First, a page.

On Fri, Nov 16, 2012 at 9:25 PM, Matthieu Moy
> Aske Olsson <askeols...@gmail.com> writes:
>> + This option bypasses the pre-push hook.
>> + See also linkgit:githooks.
>> Suppress all output, including the listing of updated refs,
> Here, and below: you seem to have whitespace damage. Somebody replaced
> tabs with spaces I guess. Using git send-email helps avoiding this.
I had some firewall problems at work, so ended up sending from gmail.
Will fix ;)
> Unused variable, left from previous hacking I guess.
> I'd add a "touch hook-ran" in the script, a "rm -f hook-ran" before
> launching git-push, and test the file existance after the hook to make
> sure it was ran.
Yea' that would probably be a good idea!
> I don't think you need to re-create the repos for each tests. Tests are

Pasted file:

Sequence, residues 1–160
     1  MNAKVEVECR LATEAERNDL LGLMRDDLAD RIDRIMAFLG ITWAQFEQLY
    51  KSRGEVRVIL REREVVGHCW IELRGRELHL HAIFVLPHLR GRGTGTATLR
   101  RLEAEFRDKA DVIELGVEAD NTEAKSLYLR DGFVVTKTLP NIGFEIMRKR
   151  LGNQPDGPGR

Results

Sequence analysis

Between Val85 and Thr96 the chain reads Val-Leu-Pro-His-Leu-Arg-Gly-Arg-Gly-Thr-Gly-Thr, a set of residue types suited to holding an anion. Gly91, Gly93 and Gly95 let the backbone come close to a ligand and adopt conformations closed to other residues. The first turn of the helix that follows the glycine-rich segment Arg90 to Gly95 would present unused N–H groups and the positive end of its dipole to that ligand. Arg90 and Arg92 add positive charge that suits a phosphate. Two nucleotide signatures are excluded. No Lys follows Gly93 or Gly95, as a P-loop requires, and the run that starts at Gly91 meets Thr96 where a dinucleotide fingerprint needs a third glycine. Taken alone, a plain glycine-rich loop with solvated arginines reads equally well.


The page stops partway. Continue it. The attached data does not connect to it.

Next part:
> good, but they're better when they're fast so avoiding useless
> operations is good.
> We try to write tests so that one test failure does not imply failures
> of the next tests (i.e. stopping in the middle should not not leave
> garbage that would prevent the next test from running), but do not
> necessarily write 100% self-contained tests.
Ok, I'll speed it up.
>> + echo one >foo && git add foo && git commit -m one &&
> test_commit ?
Cool, I'll use that!
> It would be cool to actually check that the push was not performed
> (verify that the target repo is still pointing to the old revision).
> Otherwise, an implementation that would call run_hook after pushing
> would pass the tests.
> These two tests are not testing much. The hook is not executable, so it
> shouldn't be ran, but you do not check whether the hook is ran or not.
> At least make the "exit 0" an "exit 1" in the hook.
All very good points, thanks. I'll get back to hacking.
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